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Looking into the qualifications 'black box': what can international surveys tell us about basic competence?

By Hilary Steedman


This paper investigates the usefulness of the International Standard Classification of Education (henceforth ISCED) in cross-national comparisons within the EU. The paper first assesses the extent to which the <ISCED 3 group (no education or training beyond compulsory school) can be considered a valid proxy for the ''low skills'' group in the population. It then assesses the consistency of the ISCED levels as an instrument for comparisons of skill levels within the EU. The international surveys used to test the validity of the ISCED are, first, work carried out at the Centre for Economic Performance (CEP) for the British government''s 1996 Skills Audit; second, the Third International Mathematics and Science Study (TIMSS); and third, the International Adult Literacy Survey (IALS). Using the benchmark established for the British government''s Skills Audit the three EU countries included in the survey - France, Germany and the UK - had similar proportions of those classified to <ISCED 3 in each country below the ''low skills'' benchmark. Using the TIMSS data, thirty simple questions requiring only basic arithmetic were selected and the performance of each of the EU6 countries on these questions was analysed. The IALS data showed that the group at the lowest literacy level (Level 1) varied considerably in size between EU countries included in the survey but, on average for the EU countries, most (85 per cent ) of those who scored at Level 1 were classified to <ISCED 3. Of those in the EU countries who scored at IALS 1 and 2 , on average, around two-thirds (66 per cent), classified to <ISCED 3 on the basis of their highest qualification. This shows that around one third of the <ISCED 3 category score higher than IALS Level 2 and is consistent with the findings elsewhere of greater heterogeneity of the <ISCED 3 group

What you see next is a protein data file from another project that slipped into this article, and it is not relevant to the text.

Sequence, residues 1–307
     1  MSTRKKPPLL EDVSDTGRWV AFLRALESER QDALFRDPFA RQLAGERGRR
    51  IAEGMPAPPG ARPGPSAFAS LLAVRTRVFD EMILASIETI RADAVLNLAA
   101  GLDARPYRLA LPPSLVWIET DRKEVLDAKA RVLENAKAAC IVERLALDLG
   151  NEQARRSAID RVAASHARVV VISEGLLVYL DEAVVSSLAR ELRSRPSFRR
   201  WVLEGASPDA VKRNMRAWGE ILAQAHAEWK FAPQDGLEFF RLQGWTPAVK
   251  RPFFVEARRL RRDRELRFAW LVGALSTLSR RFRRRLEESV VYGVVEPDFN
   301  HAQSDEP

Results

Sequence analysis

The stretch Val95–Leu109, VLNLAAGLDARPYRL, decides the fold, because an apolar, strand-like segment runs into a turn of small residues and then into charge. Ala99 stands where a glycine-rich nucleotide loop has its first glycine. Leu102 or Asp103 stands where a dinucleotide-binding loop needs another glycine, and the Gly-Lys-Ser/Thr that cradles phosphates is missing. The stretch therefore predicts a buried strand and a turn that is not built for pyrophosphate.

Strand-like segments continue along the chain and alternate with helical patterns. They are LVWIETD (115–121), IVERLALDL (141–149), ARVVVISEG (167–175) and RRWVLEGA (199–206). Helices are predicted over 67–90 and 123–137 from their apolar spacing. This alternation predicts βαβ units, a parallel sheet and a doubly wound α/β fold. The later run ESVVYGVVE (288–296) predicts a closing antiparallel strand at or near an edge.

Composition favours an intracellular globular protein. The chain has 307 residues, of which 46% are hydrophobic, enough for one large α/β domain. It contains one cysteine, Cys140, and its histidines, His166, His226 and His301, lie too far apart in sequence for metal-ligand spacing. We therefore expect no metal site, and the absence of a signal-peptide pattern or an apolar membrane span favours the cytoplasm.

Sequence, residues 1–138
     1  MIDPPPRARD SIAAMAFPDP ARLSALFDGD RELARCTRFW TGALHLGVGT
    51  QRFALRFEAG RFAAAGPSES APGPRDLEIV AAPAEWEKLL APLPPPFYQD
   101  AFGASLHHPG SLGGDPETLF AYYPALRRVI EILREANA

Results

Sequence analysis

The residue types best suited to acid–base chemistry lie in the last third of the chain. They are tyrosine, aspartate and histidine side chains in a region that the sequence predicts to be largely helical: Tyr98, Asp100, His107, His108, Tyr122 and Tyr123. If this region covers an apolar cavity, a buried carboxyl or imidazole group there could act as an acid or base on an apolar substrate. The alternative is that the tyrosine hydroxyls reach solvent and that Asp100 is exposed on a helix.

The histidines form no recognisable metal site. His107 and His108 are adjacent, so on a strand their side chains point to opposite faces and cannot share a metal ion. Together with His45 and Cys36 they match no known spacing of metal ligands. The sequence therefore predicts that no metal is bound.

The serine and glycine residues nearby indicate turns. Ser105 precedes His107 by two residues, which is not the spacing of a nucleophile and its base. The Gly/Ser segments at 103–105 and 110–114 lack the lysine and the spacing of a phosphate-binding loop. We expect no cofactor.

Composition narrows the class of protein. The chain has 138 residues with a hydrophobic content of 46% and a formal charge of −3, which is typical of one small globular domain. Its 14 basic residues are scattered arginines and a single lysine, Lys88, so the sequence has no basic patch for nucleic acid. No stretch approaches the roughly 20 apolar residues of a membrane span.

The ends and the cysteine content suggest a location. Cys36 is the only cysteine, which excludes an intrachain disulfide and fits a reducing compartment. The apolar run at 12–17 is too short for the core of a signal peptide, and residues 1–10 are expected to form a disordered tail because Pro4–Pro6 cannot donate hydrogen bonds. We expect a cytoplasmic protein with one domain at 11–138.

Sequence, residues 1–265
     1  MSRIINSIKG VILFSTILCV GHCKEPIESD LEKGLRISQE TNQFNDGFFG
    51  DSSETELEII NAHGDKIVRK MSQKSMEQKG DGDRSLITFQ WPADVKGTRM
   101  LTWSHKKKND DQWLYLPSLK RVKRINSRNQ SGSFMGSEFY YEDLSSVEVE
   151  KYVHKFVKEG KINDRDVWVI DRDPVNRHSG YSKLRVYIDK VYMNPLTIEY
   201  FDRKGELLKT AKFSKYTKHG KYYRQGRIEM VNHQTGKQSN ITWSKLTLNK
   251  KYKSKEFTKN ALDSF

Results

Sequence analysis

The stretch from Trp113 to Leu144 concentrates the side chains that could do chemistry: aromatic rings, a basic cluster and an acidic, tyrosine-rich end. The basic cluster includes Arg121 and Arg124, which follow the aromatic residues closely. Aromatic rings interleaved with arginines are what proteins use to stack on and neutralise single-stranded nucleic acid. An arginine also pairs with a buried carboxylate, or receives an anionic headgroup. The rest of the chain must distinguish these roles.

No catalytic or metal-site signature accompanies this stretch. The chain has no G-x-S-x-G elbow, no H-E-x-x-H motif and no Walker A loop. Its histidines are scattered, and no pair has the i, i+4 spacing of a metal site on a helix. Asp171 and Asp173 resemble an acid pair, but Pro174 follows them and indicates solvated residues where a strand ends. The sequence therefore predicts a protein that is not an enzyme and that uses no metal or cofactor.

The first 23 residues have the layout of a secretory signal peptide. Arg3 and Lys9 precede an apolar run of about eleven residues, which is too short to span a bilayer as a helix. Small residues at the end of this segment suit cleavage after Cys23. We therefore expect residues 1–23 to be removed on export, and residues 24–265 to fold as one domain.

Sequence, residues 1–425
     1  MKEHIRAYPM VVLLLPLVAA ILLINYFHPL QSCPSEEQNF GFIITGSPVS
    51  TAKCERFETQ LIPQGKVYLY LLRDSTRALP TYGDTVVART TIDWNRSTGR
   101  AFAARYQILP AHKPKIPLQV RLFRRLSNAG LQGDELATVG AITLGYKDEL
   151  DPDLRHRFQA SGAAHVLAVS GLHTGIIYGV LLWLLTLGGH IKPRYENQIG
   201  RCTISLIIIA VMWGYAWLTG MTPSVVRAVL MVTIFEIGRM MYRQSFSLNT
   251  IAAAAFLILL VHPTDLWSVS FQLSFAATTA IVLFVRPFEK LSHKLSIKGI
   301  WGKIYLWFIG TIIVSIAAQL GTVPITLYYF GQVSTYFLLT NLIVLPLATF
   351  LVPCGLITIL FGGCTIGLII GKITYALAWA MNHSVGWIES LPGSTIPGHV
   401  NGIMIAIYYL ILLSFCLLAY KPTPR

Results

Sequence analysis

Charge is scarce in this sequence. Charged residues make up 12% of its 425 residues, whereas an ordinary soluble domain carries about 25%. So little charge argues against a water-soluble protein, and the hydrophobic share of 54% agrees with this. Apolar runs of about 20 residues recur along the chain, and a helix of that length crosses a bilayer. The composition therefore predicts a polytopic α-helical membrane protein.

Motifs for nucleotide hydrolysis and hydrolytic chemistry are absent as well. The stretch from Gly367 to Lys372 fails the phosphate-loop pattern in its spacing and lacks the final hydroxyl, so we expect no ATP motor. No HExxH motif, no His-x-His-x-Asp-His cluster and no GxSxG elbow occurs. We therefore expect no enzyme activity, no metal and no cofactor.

Topics: L Education (General)
Publisher: Centre for Economic Performance, London School of Economics and Political Science
Year: 1999
OAI identifier:
Provided by: LSE Research Online
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